The “Etsy” for craft beer: home delivery service for all your favourite artisanal beers
The alcohol-distribution model in the US is outdated and has left a gaping hole between producers and consumers. Bevv, a California-based startup wants to offer an alternative. The platform for craft beer aims to increase profit margins while giving the consumers more choices.
Maybe you have been there. Your local watering hole comes up with a special Friday-beer, a new beer from a small brewery with a strange name. It’s a few dollars more but, hey…you take the gamble.
You take a sip, and the magic happens. Its malty aromas and fruity touches blow you away. A glow of alcohol warms your palate. Hints of green apples, apricots and banana dance and sparkle on your tongue. The taste lingers, full in your mouth with plenty of body and a long finish of dry and fresh bitters.
Next Friday, after a challenging working week, you’re ready for more of the same delight. But alas, the crafted jewel is long gone. The bartender shrugs his shoulder when you ask for more information. He mentions the distributor, he’s the one in charge. And now you can’t find it anywhere.
In the US, this heartbreaking scenario is caused by a set of laws that separate brewers from retailers through a middle-man. In the US, the ‘three-tier-system’, requires brewers to sell their beer to distributors who then sell the beer to retailers (like bars, restaurants and stores).
To understand where this comes from, we have to go back in time. A hundred years ago, beer brewers were often also the bar owners, or the principal contributor of finances to bars. Accordingly, they had total control to adjust production to fit demand, and in their own interest, they encouraged consumption.
Unfortunately, this inevitably encouraged abuse, with breweries pushing bars to sell more and more beer, and bullying bars to only sell certain brewery brands.
Prohibition only escalated the illegal activities and strong-arm business practices, as the ‘Noble Experiment’ turned out to be the perfect playground for the mob.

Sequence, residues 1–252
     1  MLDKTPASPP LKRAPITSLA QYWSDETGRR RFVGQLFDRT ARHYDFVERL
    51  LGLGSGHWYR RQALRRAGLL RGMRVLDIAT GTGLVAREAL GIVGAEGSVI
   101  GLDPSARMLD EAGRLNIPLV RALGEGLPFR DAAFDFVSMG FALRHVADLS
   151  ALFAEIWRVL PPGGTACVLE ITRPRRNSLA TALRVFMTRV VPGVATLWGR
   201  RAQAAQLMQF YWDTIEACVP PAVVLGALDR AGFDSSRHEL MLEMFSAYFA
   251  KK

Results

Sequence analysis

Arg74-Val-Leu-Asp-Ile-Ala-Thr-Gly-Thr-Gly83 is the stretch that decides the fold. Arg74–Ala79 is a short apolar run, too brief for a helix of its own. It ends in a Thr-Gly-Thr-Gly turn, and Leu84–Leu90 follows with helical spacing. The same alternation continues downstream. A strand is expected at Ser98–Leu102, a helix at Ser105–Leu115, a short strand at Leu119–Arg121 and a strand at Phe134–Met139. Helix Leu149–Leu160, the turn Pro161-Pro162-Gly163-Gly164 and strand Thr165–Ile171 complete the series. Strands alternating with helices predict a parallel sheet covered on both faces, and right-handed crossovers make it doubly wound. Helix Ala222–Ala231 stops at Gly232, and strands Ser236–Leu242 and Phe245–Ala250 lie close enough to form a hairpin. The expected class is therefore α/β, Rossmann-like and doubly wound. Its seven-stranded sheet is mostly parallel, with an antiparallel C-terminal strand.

Afer the end of Prohibition, the US thought to have found a valuable compromise, one that offered supervision, with the introduction of the ‘three-tier system’. The idea being that beer producers would only be able to sell their products to a middleman, the distributors, who would then sell to retailers.
Over time, individual states became in charge of the alcohol laws. This led to exceptions and more flexibility concerning distribution. Depending on the state, new relationships or combinations within the three tiers are occasionally allowed.
In several states, small breweries can act as their own distributor, while in others, the state itself is in control. Some states allow brewpubs, which act simultaneously as producer and retailer.
But amidst the inconsistent state laws, one thing holds true, in the three tier-system, the distributor (not the brewer, the bar manager, or the consumer) are the ones with the power to decide what makes it to the shelves and taps. Smaller breweries end up under-represented, as the distributor makes particular brands more exclusive to drive up the price.
In response, Bevv, the first US producer-to-consumer platform for craft beer, introduced a direct to consumer model. Working within the legal landscape, Bevv makes it possible for breweries to sell directly to consumers via their online platform. And with it, consumers have more affordable access to a wider selection of craft beers, as on its platform, breweries can offer their full menu for consumers to choose from.
A study by the National Brewers Association showed that in 2016, retail sales of craft beer increased 10%, up to a total of $23.5 billion. They now account for nearly 22% of the $107.6 billion U.S. beer market.
“In an era of craft first and drink local, we are privileged to be able to work with great businesses and get their product into more hands all-the-while giving producers a new sales channel never offered before”, says Bevv.co founder Travis Benoit.
-This article was originally seen on the Sociable.